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STYX – FRINGE WORLD FESTIVAL 2020

STYX
STYX

STYX
FRINGE WORLD FESTIVAL 2020
GIRLS SCHOOL, 21 to 26 JANUARY

STYX opened last night to a packed audience in the main auditorium at the Girls School, in East Perth.  This is the second year that the hybrid theatre/live music performance has played at Fringe World, having had its debut in Perth at last year’s festival and then going on to play at Edinburgh Fringe Festival and in London.  In the intervening period, what was a great show has only gotten better, if memory serves me correctly.

Around The Sound still rates STYX five stars out of five.  Go see it!

You see, STYX is a show all about memory and, watching it again last night, I was challenged in my recollections of some of the details of the show.  Seems my memory has faded in the year since I first saw STYX performed by a transcontinental troupe of musicians and actors, led by Second Body’s Max Barton and Jethro Cooke.  I think, in the intervening period, the show has been tweaked, improved, embellished somewhat.  But I can’t be sure.  All I know is that it was an exceedingly good show last year — Around The Sound gave STYX five stars out of five — and it felt even better this time around.

STYX is a loose retelling of the Orpheus and Euridice myth, and the portion of the show that involves the cast’s collective recollections of the details of this story is worth the price of entry alone.  It’s a nugget of pure comedy and pathos embedded in a show that is about love, loss and the inexorable continuation of life’s force.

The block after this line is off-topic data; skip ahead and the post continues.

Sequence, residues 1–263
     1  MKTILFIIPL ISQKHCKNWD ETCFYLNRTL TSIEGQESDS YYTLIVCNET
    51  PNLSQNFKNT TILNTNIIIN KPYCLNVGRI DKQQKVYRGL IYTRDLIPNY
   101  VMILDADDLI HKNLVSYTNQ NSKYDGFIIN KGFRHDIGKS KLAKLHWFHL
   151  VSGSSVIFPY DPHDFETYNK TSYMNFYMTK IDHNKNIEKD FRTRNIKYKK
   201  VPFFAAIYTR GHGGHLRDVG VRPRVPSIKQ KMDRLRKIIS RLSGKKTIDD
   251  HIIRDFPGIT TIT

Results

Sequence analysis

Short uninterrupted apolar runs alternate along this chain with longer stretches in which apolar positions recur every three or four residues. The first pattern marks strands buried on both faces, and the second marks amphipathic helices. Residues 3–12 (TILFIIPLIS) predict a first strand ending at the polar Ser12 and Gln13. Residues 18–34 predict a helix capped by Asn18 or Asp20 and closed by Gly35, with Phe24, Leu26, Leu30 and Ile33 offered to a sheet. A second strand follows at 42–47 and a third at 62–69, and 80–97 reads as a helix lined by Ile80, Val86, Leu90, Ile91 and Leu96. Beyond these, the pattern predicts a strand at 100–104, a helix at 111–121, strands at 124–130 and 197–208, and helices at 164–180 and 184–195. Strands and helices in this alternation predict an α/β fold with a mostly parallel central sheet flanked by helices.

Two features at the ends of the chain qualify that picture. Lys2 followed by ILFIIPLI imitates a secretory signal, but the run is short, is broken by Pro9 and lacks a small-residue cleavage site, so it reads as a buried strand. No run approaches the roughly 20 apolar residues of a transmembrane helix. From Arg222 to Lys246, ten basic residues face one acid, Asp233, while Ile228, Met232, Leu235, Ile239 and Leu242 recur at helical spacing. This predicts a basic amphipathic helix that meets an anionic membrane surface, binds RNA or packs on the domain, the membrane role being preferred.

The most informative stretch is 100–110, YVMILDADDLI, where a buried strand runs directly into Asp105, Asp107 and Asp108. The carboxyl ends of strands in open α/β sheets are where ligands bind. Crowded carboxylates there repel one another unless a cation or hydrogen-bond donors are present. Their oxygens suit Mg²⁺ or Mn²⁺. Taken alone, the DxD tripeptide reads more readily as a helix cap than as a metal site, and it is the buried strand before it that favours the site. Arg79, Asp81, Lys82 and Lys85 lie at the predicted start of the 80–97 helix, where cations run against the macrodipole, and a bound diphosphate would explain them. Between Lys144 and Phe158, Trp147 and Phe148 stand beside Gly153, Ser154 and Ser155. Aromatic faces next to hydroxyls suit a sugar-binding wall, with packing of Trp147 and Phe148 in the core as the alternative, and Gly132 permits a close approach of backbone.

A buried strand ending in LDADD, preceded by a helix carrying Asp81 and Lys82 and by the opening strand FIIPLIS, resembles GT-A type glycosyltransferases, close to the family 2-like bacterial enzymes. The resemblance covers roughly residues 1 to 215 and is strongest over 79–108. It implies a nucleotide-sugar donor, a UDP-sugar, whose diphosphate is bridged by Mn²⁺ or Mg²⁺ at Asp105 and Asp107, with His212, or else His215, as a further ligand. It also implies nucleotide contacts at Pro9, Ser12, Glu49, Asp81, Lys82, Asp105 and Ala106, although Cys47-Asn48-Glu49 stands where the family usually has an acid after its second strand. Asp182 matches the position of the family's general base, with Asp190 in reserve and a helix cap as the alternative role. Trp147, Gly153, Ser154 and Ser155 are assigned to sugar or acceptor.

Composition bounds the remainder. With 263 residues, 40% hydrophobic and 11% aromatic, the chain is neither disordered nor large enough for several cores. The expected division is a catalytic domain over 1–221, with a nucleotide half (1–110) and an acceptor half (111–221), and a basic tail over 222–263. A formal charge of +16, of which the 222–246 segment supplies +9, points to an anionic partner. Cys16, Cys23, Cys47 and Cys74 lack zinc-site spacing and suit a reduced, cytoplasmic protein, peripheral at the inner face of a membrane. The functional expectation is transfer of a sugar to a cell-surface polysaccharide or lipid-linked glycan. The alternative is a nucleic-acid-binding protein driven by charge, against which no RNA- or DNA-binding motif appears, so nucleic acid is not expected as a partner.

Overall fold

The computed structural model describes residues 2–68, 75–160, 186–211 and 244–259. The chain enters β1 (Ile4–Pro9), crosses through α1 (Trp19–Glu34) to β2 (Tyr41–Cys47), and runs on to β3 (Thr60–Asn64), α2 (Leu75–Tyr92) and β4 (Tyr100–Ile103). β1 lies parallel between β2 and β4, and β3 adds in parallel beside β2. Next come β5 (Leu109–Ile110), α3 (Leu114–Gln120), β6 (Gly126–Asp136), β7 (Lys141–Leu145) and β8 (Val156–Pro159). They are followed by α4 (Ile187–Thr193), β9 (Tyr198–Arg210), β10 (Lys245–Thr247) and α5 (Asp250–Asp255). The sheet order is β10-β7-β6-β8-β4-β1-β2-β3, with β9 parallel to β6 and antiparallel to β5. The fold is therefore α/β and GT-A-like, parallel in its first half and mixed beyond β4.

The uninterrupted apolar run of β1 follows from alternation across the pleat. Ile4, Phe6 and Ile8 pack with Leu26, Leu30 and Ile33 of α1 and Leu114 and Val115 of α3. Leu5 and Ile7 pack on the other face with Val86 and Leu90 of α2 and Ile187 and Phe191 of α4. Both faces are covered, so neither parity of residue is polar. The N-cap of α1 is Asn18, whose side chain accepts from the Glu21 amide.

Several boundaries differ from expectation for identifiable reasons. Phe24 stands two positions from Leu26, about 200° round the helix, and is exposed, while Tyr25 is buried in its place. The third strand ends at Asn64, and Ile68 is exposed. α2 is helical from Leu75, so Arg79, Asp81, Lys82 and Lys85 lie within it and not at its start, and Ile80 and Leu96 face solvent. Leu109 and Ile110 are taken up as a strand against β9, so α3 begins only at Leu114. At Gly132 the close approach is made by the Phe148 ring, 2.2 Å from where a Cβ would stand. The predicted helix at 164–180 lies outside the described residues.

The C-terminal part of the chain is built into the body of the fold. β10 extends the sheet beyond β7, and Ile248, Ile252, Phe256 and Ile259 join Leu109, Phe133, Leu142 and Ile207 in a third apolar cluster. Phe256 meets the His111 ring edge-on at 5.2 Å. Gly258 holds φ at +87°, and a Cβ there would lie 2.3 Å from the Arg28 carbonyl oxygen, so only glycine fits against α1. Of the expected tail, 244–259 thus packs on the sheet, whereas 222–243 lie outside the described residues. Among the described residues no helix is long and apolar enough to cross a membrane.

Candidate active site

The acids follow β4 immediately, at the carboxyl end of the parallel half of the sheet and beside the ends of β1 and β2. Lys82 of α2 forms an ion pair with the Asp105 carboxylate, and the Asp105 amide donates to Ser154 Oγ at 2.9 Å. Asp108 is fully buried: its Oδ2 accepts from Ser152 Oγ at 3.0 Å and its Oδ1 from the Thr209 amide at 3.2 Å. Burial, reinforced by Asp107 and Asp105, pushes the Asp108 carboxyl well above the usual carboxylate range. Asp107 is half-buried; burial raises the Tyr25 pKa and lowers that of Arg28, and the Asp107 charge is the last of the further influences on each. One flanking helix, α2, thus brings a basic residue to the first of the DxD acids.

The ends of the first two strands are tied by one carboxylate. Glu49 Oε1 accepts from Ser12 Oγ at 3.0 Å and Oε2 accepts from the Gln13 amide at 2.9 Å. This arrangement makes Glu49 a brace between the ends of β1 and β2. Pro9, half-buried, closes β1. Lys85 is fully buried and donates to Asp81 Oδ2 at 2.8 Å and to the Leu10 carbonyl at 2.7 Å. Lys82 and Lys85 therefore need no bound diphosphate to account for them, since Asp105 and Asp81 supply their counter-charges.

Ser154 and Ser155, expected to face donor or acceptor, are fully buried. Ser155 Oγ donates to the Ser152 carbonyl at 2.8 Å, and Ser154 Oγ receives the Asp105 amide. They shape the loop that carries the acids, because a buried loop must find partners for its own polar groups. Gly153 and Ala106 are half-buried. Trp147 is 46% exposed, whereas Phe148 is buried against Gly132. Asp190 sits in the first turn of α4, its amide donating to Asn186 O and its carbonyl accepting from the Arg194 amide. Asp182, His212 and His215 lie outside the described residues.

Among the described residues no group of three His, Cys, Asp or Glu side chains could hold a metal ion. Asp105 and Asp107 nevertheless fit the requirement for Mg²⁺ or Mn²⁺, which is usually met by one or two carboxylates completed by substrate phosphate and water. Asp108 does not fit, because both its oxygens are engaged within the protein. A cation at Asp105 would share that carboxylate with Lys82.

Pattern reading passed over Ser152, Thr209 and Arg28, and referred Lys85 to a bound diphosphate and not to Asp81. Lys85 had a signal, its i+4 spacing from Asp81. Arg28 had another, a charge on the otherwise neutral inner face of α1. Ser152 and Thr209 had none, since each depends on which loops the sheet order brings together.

STYX also is a family recollection, as Barton has used the story of Orpheus and Euridice to examine his grandparents’ journey through Alzheimer’s disease.  Along the way, we learn about belonging and the connection we all have that somehow endures through collective memories and the magic of quantum physics.

Barton has chosen difficult subject matter, but he deals with it deftly and with great humour and insight.  The staging of the show is simple and incredibly effective, taking a low-tech approach to binding the audience to the performers on stage and bringing back to life characters who have passed into memory. 

The cast includes a cavalcade of Perth’s very best contemporary musicians, including Barton’s sister, Addison Axe, who plays a starring support role alongside her brother.  The songs that complement the narrative and spoken word are a highpoint of the show and carry along the message and feeling of being uplifted, in spite of the difficult subject matter.

STYX is brilliantly conceived show that will intrigue, endear, sadden and uplift you in equal parts.  But, fear not, the performance will leave you on a high and, if you’re lucky, you may just be able to finish the night with a shot of whisky.

Around The Sound still rates STYX five stars out of five.  Go see it!

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Alexis Naylor Alexis Naylor

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